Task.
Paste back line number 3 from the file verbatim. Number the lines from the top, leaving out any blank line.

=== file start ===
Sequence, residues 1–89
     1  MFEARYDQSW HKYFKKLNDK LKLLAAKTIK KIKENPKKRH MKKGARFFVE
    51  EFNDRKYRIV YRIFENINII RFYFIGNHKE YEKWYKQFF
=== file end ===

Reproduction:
    51  EFNDRKYRIV YRIFENINII RFYFIGNHKE YEKWYKQFF